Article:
This past summer I decided to read the Bible from cover to cover, all the way through. I've never done that before, but I hadn't expected it to be too difficult as a church-going Catholic. I figured that I had been getting most of the Bible along the way anyway by going to church. As I tackled the first five books of the Old Testament, I quickly found that I was mistaken. Genesis and Exodus were familiar with their popular stories, but I was quickly bogged down in Leviticus and Deuteronomy. That's when I started looking for a book that would give me more information ABOUT the Bible so that I would be better prepared to understand what I was reading and get something out of it. Steven L. McKenzie's book was exactly what I needed.

As a professor of the Hebrew Bible, he gives the reader a historian's scholarly perspective on the Bible, including both the Old and New Testaments. The main point of this book is that all books in the Bible need to be understood based on their genre. The other main emphasis of his book is the importance of understanding the context, historically, socially, and culturally, of the passages contained in the Bible. He starts by discussing the historical books in the Old Testament and explaining how the definition of history was different for ancient writers than it is today. Ancient history is a totally different genre from modern history. He then goes on with a number of examples of stories in the Bible that are misinterpreted as actual fact when they are more representations of how the Israelites look at their history.

McKenzie continues on in a similar manner, discussing the prophetic books and the apocalyptic books. First, he explains the misunderstanding between modern readers and the authors of the books. Then he goes on to show how prophetic books need to be taken in the social contexts they are from. Rather than trying to predict the future, they are immediately applicable to the situations from which they arose and were written. Once again, he takes many specific examples to give the reader a full understanding of the literature he is discussing.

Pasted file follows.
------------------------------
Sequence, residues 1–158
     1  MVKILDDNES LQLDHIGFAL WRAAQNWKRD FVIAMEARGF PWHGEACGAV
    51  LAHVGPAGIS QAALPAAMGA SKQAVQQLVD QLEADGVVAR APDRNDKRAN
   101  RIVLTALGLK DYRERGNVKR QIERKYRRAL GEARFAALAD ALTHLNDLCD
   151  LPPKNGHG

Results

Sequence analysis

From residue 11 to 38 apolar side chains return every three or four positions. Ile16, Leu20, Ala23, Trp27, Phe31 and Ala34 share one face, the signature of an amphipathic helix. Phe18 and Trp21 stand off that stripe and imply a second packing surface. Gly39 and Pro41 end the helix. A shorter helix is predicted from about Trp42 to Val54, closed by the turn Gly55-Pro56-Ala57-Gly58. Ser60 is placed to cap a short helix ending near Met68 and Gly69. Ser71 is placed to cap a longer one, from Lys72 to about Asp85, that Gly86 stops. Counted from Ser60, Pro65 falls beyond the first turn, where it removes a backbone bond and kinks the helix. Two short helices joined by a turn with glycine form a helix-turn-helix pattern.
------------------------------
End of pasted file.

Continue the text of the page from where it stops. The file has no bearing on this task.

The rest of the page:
Other topics covered include the Wisdom books and the Letters from the New Testament.

Something notable about this book is that it never undermines or criticizes either Judaism or Christianity. McKenzie explains the Bible from a scholars point of view, which may not agree with theology, but I thought that everything he wrote was respectful and thoughtful. This book is not in any way an attack on religion. It is simply a guide to help people from all walks of life understand the Bible as a literary work in its historical context. I am disappointed that some reviewers misinterpreted the object of this book.

If you are looking to learn more about the Bible and the meaning behind the books it contains, "How to Read the Bible" is a great place to start. It makes a world of a difference in the sometimes daunting task of reading the Bible.